September 11, 2013
The Search For Life On Mars Begins On Earth, With A Mobile Phone Camera
redOrbit Staff & Wire Reports - Your Universe Online
Researchers have created a part-human, part-machine “cyborg astrobiology system” that uses a basic mobile phone camera to search for proof of past or present life in planetary analogue sites on Earth.
Developed by Patrick McGuire from the Freie Universität in Berlin, Germany, and colleagues, the system involves having a human astrobiologist obtain initial images of his or her surroundings using a mobile phone camera. These images are then sent via Bluetooth to a laptop computer, which processes the images to detect unique colors and textures, and then communicates back to the astrobiologist the degree of similarity to previous images stored in the database.
The researchers, which include McGuire and other scientists from from the Freie Universität, West Virginia University, the Centro de Astrobiología in Madrid and the University of Malta, worked for over a decade to provide more scientific autonomy to robotic rovers in selecting the most promising sites for geological and astrobiological investigation.
"Over the years, our system has shrunk down from a camera on a tripod and wearable computer, to a small laptop and a phone-cam," said McGuire. "We are now working to speed up the image compression analysis and put the whole system onto a Smartphone – and eventually onto a Mars rover!"
The robotic rovers currently exploring Mars rely heavily on guidance from scientists back on Earth to detect areas that are most interesting for further analysis. But the time delay in transmitting and receiving the commands can take between 4 and 24 minutes depending on the relative positions of Earth and Mars on their orbital paths.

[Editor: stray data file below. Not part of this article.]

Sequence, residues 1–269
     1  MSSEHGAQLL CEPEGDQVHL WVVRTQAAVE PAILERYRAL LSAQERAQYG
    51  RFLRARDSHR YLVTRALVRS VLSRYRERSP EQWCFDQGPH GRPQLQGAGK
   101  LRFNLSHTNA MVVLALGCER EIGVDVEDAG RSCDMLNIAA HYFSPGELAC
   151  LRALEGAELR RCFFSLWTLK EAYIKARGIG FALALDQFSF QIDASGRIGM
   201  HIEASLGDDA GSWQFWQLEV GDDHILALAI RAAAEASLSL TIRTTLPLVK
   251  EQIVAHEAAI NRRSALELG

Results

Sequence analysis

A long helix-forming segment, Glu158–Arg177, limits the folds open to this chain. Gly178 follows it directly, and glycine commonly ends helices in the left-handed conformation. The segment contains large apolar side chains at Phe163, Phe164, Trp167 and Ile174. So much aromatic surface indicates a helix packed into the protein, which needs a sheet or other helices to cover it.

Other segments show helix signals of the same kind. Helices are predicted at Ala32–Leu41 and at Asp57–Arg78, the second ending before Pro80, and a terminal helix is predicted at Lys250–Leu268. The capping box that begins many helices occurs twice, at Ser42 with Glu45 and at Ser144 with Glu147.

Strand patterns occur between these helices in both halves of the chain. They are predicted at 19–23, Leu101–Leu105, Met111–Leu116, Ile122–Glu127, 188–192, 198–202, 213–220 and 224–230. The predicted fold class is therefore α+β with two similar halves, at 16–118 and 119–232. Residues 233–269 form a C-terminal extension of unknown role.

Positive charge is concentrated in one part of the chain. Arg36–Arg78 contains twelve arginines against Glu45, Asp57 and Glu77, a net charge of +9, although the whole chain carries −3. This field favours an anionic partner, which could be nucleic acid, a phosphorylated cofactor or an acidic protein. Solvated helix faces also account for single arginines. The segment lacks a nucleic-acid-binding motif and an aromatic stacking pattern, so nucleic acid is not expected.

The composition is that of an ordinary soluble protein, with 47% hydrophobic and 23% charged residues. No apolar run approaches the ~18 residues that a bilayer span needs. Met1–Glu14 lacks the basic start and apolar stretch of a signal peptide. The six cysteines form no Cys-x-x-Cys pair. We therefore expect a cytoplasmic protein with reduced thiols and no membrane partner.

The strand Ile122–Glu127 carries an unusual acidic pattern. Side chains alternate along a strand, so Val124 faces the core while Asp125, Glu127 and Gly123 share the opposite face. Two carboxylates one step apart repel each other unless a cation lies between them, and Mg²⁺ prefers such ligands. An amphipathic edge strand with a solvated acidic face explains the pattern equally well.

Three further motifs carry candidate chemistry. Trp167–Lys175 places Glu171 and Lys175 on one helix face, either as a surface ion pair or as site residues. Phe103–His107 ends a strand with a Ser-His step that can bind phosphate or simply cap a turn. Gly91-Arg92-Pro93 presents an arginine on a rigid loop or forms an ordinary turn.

Exploration would be significantly accelerated if the rovers could autonomously identify unusual colors and textures created by geochemical or biological processes that may indicate past or present life.
Tests of the cyborg astrobiology system have been conducted at field sites with similarities to landscapes that are found on Mars, such as gypsum cliffs, red-bed sandstone, limestone, mudstone and coalbeds. Some rocks have been partly covered with lichen, a life-form that can possibly spread to/from other planets.
The researchers said that matching images with similar features in images from the database has been highly successful.
"In our most recent tests at a former coal mine in West Virginia, the similarity-matching by the computer agreed with the judgement of our human geologists 91 percent of the time. The novelty detection also worked well, although there were some issues in differentiating between features that are similar in color but different in texture, like yellow lichen and sulphur-stained coalbeds. However, for a first test of the technique, it looks very promising," said McGuire.
The results of the cyborg astrobiologist’s field-work in West Virginia are currently under review for publication by the International Journal of Astrobiology.